Takeshi Obata returns to drawing for Shueisha, in tandem with a novice, with Show-ha Shoten !, a manga about the art of stand-up comedy
The stand-up comedy has a solid and varied tradition in the West. From the politically committed monologues of the Americans George Carlin and Bill Hicks, to the local and popular Zelig and Colorado Cafè, comedy can go anywhere, and touch any topic.
In Japan it is no different, but at the same time, as with all things, it is. With Show-ha Shoten! we will have the opportunity to discover what is hidden behind the stage of the cabaret.
The name of Takeshi Obata inevitably stands out in this project. For this time, the sensei will not draw a story written by the colleague Tsugumi Oba, but will work alongside a novice in the Shueisha house, Akinari Asakura.
The work will be serialized on Jump SQ., a monthly magazine of Shueisha, but, thanks to MangaPlus, from all over the world we can follow the adventure – both that of the characters and that of the authors – in real time. At the moment, the first two chapters have been released simultaneously.
Let’s get to know the protagonists of Show-ha Shoten!
The manga opens with a memory from the past: the young man Shijima Anemichi must say goodbye to a peer who is about to move. The girl asks him if, to ease the tension, Anemichi can say something funny. But the boy, clearly shy and awkward, is unable to say a word, bringing down a sad curtain on that farewell.
Since then, Anemichi has decided to dedicate his life to the study of comedy, to entertain, so that it will never happen again to remain silent. He achieves excellent results on the radio and online, but his shyness remains, preventing him from facing a real stage.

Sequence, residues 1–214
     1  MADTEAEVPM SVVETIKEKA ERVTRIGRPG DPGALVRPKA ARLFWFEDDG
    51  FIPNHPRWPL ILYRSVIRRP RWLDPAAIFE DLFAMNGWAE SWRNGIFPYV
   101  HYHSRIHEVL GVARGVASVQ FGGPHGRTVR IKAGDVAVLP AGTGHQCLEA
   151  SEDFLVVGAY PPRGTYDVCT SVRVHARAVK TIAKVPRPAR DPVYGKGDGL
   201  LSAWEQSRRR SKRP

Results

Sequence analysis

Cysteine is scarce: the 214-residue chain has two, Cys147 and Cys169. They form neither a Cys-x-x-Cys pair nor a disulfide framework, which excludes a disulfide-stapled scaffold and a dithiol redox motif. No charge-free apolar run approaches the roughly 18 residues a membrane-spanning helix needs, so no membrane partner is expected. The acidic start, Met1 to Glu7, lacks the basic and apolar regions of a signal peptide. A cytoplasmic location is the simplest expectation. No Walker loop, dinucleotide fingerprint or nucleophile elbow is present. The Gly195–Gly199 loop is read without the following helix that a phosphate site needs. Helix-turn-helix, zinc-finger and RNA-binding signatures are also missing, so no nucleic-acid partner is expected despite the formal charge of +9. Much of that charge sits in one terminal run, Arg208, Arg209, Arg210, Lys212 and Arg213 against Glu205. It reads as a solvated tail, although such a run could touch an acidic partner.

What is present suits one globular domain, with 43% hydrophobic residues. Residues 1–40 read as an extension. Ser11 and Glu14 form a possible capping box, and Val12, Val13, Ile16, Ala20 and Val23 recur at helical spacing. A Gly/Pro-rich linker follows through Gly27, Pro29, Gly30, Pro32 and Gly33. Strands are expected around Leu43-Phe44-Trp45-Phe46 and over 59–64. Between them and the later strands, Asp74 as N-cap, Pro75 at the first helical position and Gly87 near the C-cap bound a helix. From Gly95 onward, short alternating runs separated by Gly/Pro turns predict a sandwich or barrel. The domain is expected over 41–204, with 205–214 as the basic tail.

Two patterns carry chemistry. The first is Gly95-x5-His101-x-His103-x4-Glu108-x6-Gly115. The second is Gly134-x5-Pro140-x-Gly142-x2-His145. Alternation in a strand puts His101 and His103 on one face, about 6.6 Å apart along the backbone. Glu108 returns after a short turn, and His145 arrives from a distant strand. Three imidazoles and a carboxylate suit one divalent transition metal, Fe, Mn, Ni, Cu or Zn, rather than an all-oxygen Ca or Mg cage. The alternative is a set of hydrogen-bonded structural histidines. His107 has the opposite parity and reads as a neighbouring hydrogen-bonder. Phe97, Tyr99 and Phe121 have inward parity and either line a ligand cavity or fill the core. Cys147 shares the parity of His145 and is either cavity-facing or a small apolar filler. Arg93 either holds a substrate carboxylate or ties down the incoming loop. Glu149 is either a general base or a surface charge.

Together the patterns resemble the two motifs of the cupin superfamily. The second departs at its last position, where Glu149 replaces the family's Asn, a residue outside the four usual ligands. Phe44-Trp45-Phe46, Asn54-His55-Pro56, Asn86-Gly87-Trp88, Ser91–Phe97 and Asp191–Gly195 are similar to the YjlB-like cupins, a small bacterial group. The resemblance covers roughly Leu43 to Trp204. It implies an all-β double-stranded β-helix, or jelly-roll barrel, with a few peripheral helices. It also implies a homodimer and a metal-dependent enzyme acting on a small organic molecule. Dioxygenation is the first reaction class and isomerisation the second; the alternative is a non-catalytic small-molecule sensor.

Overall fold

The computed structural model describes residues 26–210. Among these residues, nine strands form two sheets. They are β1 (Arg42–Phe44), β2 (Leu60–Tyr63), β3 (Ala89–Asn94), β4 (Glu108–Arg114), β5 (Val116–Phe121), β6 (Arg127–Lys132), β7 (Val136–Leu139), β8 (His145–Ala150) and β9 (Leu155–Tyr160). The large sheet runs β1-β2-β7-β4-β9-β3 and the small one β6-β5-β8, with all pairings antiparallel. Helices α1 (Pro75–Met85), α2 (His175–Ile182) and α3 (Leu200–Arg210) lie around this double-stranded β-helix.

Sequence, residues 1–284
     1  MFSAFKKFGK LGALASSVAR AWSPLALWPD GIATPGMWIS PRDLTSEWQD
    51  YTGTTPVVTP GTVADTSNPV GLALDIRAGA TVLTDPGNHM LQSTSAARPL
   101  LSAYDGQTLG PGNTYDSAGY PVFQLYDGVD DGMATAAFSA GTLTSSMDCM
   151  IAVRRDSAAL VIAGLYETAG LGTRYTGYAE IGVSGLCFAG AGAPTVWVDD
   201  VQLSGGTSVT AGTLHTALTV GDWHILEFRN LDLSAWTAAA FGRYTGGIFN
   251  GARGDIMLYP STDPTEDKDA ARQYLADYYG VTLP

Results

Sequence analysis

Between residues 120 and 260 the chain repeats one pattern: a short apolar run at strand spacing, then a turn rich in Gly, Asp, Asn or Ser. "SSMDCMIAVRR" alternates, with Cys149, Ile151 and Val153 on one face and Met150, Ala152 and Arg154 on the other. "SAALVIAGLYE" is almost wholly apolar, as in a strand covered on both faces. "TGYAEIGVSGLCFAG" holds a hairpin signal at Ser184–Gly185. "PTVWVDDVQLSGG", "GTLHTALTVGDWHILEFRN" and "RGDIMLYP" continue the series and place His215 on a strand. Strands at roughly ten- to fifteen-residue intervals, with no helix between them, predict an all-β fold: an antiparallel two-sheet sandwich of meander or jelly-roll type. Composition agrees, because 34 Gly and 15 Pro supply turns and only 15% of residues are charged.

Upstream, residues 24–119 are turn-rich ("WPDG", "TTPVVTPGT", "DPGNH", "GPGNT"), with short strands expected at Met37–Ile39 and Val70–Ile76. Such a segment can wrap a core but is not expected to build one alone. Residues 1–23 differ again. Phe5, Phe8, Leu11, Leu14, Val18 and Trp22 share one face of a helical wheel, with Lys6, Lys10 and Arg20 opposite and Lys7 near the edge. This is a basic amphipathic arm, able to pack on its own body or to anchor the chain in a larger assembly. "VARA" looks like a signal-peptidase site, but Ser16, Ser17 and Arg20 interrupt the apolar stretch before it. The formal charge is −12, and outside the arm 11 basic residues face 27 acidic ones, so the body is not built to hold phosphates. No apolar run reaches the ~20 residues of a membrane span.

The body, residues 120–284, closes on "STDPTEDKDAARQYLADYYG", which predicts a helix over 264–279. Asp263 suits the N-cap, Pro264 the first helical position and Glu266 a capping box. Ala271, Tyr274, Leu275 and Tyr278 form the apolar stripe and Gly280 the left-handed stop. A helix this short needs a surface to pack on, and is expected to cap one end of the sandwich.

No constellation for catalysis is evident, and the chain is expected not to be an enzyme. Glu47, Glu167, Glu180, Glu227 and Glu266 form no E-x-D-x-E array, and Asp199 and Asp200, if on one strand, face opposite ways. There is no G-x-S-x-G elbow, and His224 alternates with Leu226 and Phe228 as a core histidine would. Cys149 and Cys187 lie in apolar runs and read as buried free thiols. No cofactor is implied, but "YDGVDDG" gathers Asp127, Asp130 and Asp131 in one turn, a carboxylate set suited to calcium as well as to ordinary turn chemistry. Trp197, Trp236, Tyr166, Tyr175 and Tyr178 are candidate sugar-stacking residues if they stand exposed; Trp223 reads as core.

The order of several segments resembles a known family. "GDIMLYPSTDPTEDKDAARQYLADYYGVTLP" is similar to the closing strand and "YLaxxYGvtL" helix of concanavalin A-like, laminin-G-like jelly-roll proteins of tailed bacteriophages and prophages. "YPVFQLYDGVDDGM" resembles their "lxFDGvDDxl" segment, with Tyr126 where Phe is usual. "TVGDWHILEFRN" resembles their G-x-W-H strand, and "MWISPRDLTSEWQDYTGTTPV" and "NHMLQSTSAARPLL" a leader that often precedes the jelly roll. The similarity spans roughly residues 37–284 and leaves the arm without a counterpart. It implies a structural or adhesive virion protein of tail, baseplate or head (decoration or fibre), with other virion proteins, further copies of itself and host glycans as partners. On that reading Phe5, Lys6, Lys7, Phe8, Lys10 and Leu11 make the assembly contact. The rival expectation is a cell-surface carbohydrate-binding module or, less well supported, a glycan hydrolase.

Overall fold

Yes, many comedians are successful as a couple. Here comes the scene then Tayo Higashikata, an extroverted and loose schoolmate, perhaps too much. His talent with the public is undermined by poor organizational skills. Fate will bring the two together for a participation in the school show at the last minute, where they will have their first success.
The show must go on?
The first thing audiences focus on, with Show-ha Shoten! is the name of Obata and his drawing work. The tribute to Death Note in the first chapter could not miss. Unavoidable? Perhaps, but it is not certain that a work cannot be strong enough to stand on its own legs. But let’s go in order.
Let’s talk, of course, about Obata’s drawings: given the very different context compared to titles like Death Note and Platinum End, the sensei has adapted his style into a much softer and more relaxed form. This is something to be considered for judgment, but regardless of this, the trait still appears subdued compared to the standards we are used to.
Comparison with cannot be avoided either Bakuman!, another title that narrates the rise of two young people in a new profession, revealing all the secrets along the way. In fact, the two titles are very similar; however, where Bakuman’s argument is undoubtedly of interest to readers, in the case of Show-ha Shoten we are in more exotic territory. In other words, getting audiences hooked on the profession of comedian could be a much more difficult task, and already Bakuman had divided the fans of the iconic writing duo Oba-Obata.
Show-ha Shoten! He follows in a pedestrian way the classics of the genre, indeed immediately putting on the plate the deep motivations of the protagonists. Of original, apart from the argument, there is practically nothing. As was the case for Bakuman, the profession is not the subject but the object of the story, so the parts on stage are very simple and in themselves do not represent an example of excellent comedy: they are only functional to the story.
The manga, as it is, gives few certainties and raises many unknowns. Will it really be an interesting journey? Can an opera with comedy at its center work, but in which you don’t laugh so much? We can only hope that Asakura has a good grasp of the “comedic timing” that she can quickly get to the bar, the turning point, before the show gets boring.